The present invention relates to a spacing pad arrangement 10 for supporting a down spout pipe 12 from a wall 14 of a building or structure. The spacer pad arrangement 10 is typically utilized between the down spout 12 and the wall 14 of the building so as to hold it spaced away from the building in an adjustably controlled manner. In a spacer arrangement 10 of the present invention in its preferred embodiment, comprises an injection molded disk shaped member approximately 21/2 to 3 inches in diameter, as shown in FIG. 2, but may be about 11/4" thick and about 4" in diameter in commercial versions. The disk shaped anchor member 10 has a central bore 16 (which may be counter bored, as shown by dashed lines 17), through which a securement means 18 may be disposed, as shown in FIG. 1. Such securement means 18 may preferably comprise a galvanized dry wall screw, adhesive, a nail or like arrangements. The anchor pad 10 has a first or upper planar surface 20, and a second or lower planar surface 22. The second surface 22 in one embodiment, is parallel to the first planar surface 20. In a further embodiment, the second or lower surface 22 is in a non-parallel relationship with the first or upper surface 20, as shown in FIG. 3. In such a non-parallel arrangement, the thickness "A" of the anchor pad 10 on one diametrical side may be about 7/8 of an inch, and the thickness "B" of the other diametrical side is about 9/16 to about 3/4 of an inch, thus reflecting a skewness of about 10 to 15 degrees. A channel 24 may be cut or molded into the lowermost or second planar surface 22 forming a kerf 24 of about 1/8 to 3/16 of an inch wide and deep. This kerf or channel 24, extends across the entire second planar surface 22 immediately adjacent the central bore 16 extending through the center of the anchor pad 10. The channel may also be comprised of a bore or hole 11, arranged across the pad 10, between the planar surfaces 20 and 22, parallel or skewed with respect thereto, as may be seen in FIG. 2.

In operation, especially when dealing with uneven wall surfaces, or when moldings are encountered on a wall, several pads 10 of different thicknesses, i.e. from 1/2" to about 1" thick, may be stacked upon one another, as may be seen in FIGS. 5 and 7.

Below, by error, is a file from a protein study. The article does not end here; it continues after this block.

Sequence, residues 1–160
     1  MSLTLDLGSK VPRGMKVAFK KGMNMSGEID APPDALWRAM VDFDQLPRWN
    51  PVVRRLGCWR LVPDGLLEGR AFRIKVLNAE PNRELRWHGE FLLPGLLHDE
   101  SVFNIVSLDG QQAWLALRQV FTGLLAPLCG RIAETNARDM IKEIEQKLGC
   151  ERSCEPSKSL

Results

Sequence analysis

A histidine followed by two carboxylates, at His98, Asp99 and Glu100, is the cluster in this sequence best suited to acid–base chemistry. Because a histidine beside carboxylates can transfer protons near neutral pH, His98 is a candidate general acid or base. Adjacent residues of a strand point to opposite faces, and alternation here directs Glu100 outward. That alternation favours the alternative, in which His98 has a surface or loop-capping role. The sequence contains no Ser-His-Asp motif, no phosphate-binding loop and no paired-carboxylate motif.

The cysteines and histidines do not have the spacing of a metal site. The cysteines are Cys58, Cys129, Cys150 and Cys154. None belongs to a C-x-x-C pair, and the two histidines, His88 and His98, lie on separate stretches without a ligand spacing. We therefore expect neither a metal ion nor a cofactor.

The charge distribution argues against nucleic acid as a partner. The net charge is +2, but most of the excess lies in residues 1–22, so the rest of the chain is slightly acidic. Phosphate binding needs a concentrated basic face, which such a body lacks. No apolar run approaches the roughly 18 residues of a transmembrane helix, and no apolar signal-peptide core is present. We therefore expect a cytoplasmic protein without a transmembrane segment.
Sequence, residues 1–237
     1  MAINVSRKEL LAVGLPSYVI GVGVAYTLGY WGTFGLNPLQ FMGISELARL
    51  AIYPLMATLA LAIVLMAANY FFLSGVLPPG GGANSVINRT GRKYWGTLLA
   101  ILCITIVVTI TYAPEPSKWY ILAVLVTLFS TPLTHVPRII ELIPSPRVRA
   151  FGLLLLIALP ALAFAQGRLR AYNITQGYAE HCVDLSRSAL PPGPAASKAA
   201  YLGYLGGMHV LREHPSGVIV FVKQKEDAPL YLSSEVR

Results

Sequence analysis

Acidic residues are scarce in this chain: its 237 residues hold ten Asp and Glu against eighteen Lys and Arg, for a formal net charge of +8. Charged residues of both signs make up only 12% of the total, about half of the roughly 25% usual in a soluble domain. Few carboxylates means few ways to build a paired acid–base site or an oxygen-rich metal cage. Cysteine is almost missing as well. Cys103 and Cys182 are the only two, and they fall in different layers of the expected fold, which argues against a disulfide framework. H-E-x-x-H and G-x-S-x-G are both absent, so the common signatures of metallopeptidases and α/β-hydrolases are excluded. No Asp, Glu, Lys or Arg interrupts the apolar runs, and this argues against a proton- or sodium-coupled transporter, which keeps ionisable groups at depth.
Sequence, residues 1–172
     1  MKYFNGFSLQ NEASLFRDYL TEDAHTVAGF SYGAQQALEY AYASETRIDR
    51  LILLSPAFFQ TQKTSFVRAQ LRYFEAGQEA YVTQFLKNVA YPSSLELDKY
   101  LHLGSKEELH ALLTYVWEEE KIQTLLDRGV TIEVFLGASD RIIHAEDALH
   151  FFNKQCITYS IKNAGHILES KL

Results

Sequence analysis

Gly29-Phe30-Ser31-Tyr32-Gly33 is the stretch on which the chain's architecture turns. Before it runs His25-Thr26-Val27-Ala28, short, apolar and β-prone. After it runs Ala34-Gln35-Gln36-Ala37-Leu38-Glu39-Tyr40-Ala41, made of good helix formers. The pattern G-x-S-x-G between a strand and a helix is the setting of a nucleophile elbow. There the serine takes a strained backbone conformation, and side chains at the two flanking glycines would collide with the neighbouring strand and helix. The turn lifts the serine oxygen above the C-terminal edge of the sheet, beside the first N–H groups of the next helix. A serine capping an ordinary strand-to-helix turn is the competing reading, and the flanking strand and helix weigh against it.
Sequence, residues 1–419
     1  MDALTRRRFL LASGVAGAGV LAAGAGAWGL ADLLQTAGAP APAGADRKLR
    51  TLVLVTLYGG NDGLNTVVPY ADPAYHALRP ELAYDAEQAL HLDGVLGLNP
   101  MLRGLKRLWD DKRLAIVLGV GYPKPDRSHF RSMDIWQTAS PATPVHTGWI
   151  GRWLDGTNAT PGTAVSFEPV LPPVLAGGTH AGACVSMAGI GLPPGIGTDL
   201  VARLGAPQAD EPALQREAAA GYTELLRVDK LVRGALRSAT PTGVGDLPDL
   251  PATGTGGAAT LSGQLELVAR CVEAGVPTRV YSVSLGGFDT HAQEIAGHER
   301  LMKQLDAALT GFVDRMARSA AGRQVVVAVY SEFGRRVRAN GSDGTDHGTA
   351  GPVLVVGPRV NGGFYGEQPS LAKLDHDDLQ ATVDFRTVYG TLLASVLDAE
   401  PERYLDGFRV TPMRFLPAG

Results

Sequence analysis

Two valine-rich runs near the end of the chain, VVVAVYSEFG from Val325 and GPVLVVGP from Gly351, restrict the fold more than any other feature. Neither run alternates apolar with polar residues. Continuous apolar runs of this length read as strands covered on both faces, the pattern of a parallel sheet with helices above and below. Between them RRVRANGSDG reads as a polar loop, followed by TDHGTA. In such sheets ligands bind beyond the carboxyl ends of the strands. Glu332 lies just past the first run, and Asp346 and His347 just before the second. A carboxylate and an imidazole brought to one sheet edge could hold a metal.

An elongated nylon tie strip 40, shown in FIG. 4, having a loop or receiving opening 42 at one end, and a barbed surface 44 at its other end, may be disposed through the channel or kerf 24 on the second or lowermost planar surface 22 of an anchoring pad 10. The nylon tie strap 40 may then be brought around any down spout 12 resting thereagainst. Such a down spout 12 may be anchored by securing them together by clinching one end through the barbed end 44 bending through the open looped end 42 to secure them together.

An assembly of two or more anchor pads 62 and 64 of different thicknesses "L" and "M", may be utilized to properly space the down spout 12 to a house. In the non-parallel planar face arrangement of an anchor pad, one (innermost) pad may be utilized to lie against a non-vertical or clapboard wall on which a down spout is to be placed.

By arranging a plurality of anchor pads, each having non-parallel planar surfaces, those anchor pads may be rotated with respect to one another, about their common bore axis 16, so as to properly provide and define an inside surface 22 which mates with a non vertical surface of a wall, while still providing an outermost first surface 20 onto which a down spout 12 may be secured.

Thus what has been shown is a unique arrangement for providing an anchoring means for securing a down spout to a house or wall, wherein that anchoring pad may be arranged in an adjustable manner to fit the non vertical surface of a wall with the vertical surface of a down spout.

Patent Citations
Cited PatentFiling datePublication dateApplicantTitle
US1639916 *Aug 6, 1925Aug 23, 1927Knab CorpEaves-trough hanger
US2004448 *Jul 31, 1934Jun 11, 1935John SansonettiRoof gutter bracket
US2947505 *Jul 30, 1958Aug 2, 1960Sheets Oren EDownspout hanger
US3363865 *Feb 4, 1966Jan 16, 1968Harry E. MetskerDownspout bracket construction
US3388881 *Aug 5, 1966Jun 18, 1968American Supply IncDrain pipe mounting
US3454249 *Aug 7, 1967Jul 8, 1969Thomas & Betts CorpTiedown plate
US3588011 *Jan 24, 1969Jun 28, 1971Peres Axel GoteHolder clip for pipes,cables,etc.
US3752428 *Jun 10, 1971Aug 14, 1973Aluminum Co Of AmericaGutter hanger assembly
US4601450 *Mar 25, 1985Jul 22, 1986Lindquist Jonas TPipe keeper and method of making
US4745657 *Oct 14, 1986May 24, 1988Faye Lloyd HHinged support bracket assembly for a drain trough
US5308253 *Oct 27, 1992May 3, 1994Maki Philip JPlug holder
Referenced by
Citing PatentFiling datePublication dateApplicantTitle
US5794384 *Jul 15, 1996Aug 18, 1998Dean; James L.Plastic clip for downspout attachment to vinyl siding
Classifications
U.S. Classification248/48.2, 248/48.1
International ClassificationE04D13/08
Cooperative ClassificationE04D2013/084, E04D13/08, E04D2013/0813
European ClassificationE04D13/08
Legal Events
DateCodeEventDescription
May 8, 2001FPExpired due to failure to pay maintenance fee
Effective date: 20010304
Mar 4, 2001LAPSLapse for failure to pay maintenance fees
Sep 26, 2000REMIMaintenance fee reminder mailed